Designing a Galvanic Cell - Plain Language Electrochemistry

A project log for Stomach Acid Powered Smart Pill

Zn-Cu stomach acid based bio-galvanic cell powers a hacked activity tracker small enough to swallow and reconfigured as a 'smart pill'.

curt-whiteCurt White 07/16/2018 at 00:473 Comments

From a practical perspective, designing a galvanic cell (or bank of cells) is extremely easy. They can be treated like batteries because they are like batteries. For the purpose of this log (and project in general) I am going to describe everything in plain language instead of scientific terminology. If you want to deep dive into electrochemistry Google is your friend. 

1) Pick anodes and cathodes that maximize difference in reactivity. The metals (or the like) you choose will determine the voltage produced by your cell. To determine what voltage your anode and cathode will produce, consult a reactivity table like below:

You want to pair a reactive metal (negative electric potential in the chart) with an unreactive metal (positive electric potential in the chart). The maximum voltage produced by your galvanic cell will the sum of reactivity.

For a copper-zinc cell the ideal voltage will be 0.34V(Cu) + 0.76V(Zn) = 1V

Lithium is the most reactive metal easily incorporated into a battery, which is why it produces such high power density batteries.

2) Pick a highly acidic electrolyte. The actual voltage produced by a galvanic cell will never equal its ideal voltage. How close you get depends largely on how good your electrolyte is. The role of the electrolyte is to transport ions. In general, strong acids are the best electrolytes because, in general, they can pack the most ions.

3) Maximize the surface area (and probably mass) of your annode and cathode to maximize available current. Although the voltage of your cell is determined by the reactivity of the annode and cathode, the current supplied by the cell is determined by the surface area of the annode and cathode exposed to the electrolyte. You want an electrolyte that can transport as many ions as possible, but this is still limited by the availability of ions (annode/Zn) and places to put ions (cathode/Cu). More ions means more current.

4) Although voltage of a single cell is limited by annode/cathode reactivity, voltage can be increased by placing cells in parallel - just like batteries. However, cells have to be isolated otherwise you will get a short between cells. To put it more specifically, an ion barrier between cells is necessary if they are adjescent in an electrolyte.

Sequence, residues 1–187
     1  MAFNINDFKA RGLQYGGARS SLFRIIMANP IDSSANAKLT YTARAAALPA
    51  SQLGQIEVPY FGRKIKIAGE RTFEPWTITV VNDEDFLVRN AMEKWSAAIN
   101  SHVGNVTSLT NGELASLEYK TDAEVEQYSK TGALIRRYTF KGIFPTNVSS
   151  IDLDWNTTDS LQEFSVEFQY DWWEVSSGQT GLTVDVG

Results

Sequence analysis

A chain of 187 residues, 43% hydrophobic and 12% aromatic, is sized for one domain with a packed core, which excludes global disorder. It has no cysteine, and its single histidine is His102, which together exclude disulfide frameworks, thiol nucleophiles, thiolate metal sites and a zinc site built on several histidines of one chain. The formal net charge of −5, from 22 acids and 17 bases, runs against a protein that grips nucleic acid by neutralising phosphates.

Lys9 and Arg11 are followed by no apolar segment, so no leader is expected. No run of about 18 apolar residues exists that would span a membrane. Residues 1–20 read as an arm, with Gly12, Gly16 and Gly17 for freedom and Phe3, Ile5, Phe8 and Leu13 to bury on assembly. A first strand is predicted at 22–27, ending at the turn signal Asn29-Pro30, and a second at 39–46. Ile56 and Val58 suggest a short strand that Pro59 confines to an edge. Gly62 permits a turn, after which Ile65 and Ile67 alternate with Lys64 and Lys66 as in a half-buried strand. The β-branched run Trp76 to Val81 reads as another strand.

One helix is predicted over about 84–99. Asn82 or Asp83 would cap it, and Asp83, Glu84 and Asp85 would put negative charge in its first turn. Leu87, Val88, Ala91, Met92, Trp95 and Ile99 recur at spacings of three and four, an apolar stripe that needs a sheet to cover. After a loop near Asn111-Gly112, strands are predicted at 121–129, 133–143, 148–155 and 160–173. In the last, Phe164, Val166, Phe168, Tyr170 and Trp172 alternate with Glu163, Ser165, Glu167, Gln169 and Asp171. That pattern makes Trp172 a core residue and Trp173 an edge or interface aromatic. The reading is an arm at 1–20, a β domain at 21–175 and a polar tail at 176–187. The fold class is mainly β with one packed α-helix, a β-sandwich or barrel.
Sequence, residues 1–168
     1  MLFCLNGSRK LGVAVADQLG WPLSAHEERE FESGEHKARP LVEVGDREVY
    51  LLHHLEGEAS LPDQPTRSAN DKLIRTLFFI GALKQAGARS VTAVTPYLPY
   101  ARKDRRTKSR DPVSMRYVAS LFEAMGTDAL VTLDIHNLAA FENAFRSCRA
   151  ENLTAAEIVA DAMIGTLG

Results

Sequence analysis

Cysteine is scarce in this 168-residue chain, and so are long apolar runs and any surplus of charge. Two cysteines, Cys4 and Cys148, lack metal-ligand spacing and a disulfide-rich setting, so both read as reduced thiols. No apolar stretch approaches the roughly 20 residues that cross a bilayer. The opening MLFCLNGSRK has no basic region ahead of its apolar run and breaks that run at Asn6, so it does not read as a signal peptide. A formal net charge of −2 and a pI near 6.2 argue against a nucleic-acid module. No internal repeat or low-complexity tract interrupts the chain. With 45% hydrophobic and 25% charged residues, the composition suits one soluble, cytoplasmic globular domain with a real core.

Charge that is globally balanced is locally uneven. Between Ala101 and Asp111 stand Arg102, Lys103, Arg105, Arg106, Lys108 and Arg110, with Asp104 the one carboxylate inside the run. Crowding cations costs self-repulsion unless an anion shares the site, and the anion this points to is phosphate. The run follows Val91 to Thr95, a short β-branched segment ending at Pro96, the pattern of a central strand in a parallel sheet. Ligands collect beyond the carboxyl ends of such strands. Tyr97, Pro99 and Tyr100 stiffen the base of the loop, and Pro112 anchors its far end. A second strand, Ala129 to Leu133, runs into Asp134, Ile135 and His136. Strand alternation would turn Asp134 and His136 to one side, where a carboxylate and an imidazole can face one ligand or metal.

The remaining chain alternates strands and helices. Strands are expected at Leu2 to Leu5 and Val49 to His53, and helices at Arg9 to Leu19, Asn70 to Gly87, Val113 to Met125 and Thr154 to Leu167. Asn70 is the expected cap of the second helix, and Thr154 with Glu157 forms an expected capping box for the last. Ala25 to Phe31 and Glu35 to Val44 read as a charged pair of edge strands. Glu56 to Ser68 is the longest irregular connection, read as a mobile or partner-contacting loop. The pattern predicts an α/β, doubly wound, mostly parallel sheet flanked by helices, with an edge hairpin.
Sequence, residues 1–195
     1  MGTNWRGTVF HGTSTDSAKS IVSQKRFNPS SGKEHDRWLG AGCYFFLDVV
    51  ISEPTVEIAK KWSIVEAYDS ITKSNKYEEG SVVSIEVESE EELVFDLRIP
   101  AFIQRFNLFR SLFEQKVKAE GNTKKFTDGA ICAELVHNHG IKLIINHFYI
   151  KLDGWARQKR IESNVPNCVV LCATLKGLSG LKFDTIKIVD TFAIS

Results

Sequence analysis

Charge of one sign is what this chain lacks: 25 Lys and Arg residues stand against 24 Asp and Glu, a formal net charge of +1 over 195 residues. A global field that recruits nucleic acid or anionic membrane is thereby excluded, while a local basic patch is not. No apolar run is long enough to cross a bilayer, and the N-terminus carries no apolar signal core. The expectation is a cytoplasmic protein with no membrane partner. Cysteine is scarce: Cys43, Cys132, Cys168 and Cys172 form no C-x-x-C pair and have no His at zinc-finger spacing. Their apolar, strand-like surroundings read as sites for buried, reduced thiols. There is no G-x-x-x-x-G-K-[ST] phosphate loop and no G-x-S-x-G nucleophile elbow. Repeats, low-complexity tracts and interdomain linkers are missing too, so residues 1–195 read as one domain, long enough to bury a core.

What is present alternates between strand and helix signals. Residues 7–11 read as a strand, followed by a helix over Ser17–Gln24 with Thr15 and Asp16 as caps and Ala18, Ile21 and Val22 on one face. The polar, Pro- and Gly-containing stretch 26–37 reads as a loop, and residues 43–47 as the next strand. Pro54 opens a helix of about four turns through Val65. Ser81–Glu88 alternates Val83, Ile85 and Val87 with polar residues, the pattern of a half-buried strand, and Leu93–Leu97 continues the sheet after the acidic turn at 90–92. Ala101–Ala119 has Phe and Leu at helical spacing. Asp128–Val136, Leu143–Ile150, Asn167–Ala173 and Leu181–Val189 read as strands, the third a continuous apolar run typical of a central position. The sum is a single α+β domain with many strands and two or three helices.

Pretty cool stuff.

In all the cells I've built I have sandwiched multiple strips of metal for each anode and cathode (in the above picture you can see how I've sandwiched Magnesium and Copper) in an attempt to maximize surface area, and therefore maximize available current.


Curt White wrote 07/17/2018 at 15:38 point

Yeah, its pretty..... hackish ;) Do you know what the reaction potentials are in 0.16M HCL?

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esben rossel wrote 07/17/2018 at 19:05 point

you'll want to look at Nernst's equation to figure that out..

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esben rossel wrote 07/17/2018 at 06:22 point

Without any Cu²⁺-ions in solution and with an acidic electrolyte your cells are not Zn/Cu or Mg/Cu but rather Zn/H and Mg/H. The standard reduction potentials you show in the table are ..well, standard, meaning all concentrations are 1M (and pressure, if relevant, is 1 bar). The standard reduction potential for hydrogen is usually measured with a standard hydrogen electrode (SHE). In theory the value shouldn't change with a copper electrode, but I don't know if that is actually the case. Maybe there's an experienced electrochemist out there who knows..

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